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Training Vs. Practice

    Is it odd that though I love a life filled with movement, I’ve never once considered myself in training?
    Practice – yes. But training – never even thought about it.

    Until the other day, when my friend invited me to join her for bootcamp class at her gym.
    After spending an hour in drills and other conditioning kinds of exercises it became evident — I was way out of my element!

    Towards the end of the session, the instructor (or was it a coach?) explained the purpose of the dynamic workout — it’s to raise our conditioning levels. He tied it in with elite athleticism. The goal is to perform better, faster, stronger.

    This got me thinking about my workout, or practice. It’s not so goal oriented. On my best days — my practice is about the journey. It’s an internal experience that works its way out. And everyone in class contributes to this collective energy that (hopefully) fills the room.

    My movement practice is my expression. It’s my opportunity to unite in mind, body and soul.
    Perhaps athletes call this their state of flow. For me, it’s a presence that connects me deeper within.

    And I am working to be better…from the inside out.

    What’s your experience with training vs.practice?

    6 thoughts on “Training Vs. Practice”

    1. I love them both!! I love the feeling of the wind rushing through my hair as I’m running, the grace (it feels to me) while I’m dancing, and gliding through the ocean atop and amidst a wave . I don’t enjoy the same range of expression when I’m not in shape. My journey may include more stiffness and pain.
      These two fit together for me.

    2. I, too love them both. For me, training is acquiring the knowledge, the technicalities, the methods. Practice is taking and using these acquired trainings as a development of one’s skills. While some may be have the knack of being flexible or strong, without proper training, the body can be misaligned and prone to injuries. Once the training is established, practicing it then becomes this process of honing and going deeper, perhaps even beyond. And like you’ve mentioned, comes the mastery. This is the sweet spot where training and practice ties in. The external training evolves into an internal practice.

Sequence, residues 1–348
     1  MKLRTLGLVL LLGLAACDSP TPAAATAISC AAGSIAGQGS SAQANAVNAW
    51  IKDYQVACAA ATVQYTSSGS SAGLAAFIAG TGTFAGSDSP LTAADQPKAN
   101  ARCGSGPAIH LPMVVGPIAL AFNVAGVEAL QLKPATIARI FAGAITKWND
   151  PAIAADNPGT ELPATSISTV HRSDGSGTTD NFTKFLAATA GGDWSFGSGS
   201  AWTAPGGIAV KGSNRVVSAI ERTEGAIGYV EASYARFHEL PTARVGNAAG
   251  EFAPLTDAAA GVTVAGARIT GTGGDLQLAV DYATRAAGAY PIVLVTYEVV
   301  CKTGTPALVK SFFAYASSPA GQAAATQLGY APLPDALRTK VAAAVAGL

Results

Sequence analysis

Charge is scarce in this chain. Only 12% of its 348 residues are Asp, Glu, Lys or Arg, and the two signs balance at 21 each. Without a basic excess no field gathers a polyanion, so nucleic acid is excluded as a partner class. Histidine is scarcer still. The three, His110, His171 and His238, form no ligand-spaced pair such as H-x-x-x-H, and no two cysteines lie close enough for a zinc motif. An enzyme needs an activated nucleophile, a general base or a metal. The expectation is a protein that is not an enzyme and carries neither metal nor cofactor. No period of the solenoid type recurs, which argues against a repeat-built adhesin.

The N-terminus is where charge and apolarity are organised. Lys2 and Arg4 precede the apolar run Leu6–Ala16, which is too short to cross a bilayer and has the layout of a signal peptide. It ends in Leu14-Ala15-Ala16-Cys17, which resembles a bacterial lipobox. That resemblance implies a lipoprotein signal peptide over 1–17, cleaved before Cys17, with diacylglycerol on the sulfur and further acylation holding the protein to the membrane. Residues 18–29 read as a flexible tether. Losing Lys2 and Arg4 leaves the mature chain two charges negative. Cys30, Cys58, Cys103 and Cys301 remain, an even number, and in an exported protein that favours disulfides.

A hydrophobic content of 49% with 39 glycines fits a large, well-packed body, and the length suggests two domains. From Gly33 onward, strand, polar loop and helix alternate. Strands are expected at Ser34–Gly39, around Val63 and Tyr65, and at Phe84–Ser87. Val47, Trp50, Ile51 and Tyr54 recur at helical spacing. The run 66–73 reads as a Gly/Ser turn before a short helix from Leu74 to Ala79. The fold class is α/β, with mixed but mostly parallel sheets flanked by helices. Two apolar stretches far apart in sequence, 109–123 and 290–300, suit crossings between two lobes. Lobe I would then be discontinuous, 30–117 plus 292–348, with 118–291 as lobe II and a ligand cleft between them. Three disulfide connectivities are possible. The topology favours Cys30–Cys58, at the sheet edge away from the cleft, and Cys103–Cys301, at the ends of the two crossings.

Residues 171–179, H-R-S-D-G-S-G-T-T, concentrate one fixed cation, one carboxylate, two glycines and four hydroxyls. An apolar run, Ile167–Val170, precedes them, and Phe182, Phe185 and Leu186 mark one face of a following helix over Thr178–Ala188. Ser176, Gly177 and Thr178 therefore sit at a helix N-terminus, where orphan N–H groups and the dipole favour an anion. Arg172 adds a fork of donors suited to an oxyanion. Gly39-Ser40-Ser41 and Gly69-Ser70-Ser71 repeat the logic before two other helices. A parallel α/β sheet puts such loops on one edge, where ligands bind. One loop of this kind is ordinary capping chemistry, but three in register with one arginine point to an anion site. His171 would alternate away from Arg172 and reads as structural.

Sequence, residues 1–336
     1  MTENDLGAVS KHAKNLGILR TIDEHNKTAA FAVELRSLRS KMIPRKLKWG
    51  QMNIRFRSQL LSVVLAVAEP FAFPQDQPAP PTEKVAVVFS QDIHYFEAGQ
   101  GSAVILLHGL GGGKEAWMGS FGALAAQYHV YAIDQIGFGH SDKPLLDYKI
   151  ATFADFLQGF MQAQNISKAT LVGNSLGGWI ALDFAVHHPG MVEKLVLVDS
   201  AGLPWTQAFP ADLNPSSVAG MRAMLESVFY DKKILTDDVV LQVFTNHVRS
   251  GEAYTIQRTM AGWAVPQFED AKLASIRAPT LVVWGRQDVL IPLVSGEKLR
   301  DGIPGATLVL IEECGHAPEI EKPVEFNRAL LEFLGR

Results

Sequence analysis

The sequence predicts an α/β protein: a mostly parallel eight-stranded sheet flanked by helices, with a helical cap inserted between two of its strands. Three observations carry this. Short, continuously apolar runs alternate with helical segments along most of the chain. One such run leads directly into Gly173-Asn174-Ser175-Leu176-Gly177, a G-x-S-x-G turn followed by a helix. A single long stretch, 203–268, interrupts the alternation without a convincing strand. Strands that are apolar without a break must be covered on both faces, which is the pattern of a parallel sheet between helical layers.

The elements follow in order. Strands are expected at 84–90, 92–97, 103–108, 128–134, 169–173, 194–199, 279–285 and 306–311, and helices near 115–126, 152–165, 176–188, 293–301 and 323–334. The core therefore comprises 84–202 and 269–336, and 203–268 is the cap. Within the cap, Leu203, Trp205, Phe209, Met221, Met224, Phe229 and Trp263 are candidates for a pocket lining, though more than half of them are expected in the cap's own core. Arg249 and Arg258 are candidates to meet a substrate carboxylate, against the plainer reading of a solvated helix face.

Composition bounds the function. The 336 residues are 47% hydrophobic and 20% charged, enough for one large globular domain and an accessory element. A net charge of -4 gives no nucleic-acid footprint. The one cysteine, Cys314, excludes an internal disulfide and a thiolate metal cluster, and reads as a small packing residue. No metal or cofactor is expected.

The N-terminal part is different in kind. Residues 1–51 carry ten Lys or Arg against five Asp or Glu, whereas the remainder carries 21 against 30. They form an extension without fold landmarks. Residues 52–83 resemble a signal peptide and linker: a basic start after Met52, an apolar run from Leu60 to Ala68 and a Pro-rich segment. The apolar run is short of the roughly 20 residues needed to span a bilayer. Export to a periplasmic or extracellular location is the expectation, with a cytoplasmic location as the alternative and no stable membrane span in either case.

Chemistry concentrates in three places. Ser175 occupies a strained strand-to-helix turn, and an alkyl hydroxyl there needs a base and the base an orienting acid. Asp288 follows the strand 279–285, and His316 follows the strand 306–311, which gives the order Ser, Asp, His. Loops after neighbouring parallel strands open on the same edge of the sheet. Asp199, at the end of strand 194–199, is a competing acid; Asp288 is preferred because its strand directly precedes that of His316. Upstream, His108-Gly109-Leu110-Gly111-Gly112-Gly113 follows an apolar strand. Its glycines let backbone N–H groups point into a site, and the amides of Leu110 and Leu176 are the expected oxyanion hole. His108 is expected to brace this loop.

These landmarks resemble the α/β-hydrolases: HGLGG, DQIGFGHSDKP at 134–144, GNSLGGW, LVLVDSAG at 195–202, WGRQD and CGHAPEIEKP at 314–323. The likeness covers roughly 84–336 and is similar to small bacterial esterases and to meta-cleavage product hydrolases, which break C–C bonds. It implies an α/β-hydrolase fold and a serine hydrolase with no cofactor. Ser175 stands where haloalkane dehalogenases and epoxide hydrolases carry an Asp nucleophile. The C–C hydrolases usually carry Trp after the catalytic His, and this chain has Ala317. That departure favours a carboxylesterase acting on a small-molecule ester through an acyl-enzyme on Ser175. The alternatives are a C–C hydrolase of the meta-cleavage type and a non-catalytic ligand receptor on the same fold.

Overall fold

I enjoyed this post! =)

    3. SirenaTales

      TT, I’ve had to think about this for the past couple of days. I hadn’t considered this question before. I realize my assumption has been more in line with what you and Maia have said: practice to me connotes more of an inward process and intention, while training seems more “product” oriented. I don’t know if my assumption is correct or not. At this point, I guess I feel I pursue a movement practice that does involve ongoing training that I try (but am only partially successful :)) to approach with more of a “practice” perspective that includes intentions of openness, wise risk taking and joy. Thanks for the thought provoking post,TT. xoxo

    4. Maia, what an interesting way to view the two. So perhaps a yoga basics class is more of a training…thanks so much for sharing your insights. I love hearing from you!

    5. ST, I’d imagine with art — both are 100% required. For your dance- did you ever go through a pure training period? I always thought of my movement as expression therefore no training necessary- but after reading comments from you and the others I am reconsidering my stance. It’s an interesting topic, and perhaps the line dividing the 2 can be blurred at times. Thank you, my friend for sharing your perspective. Your comments are always of value here. Xoxo

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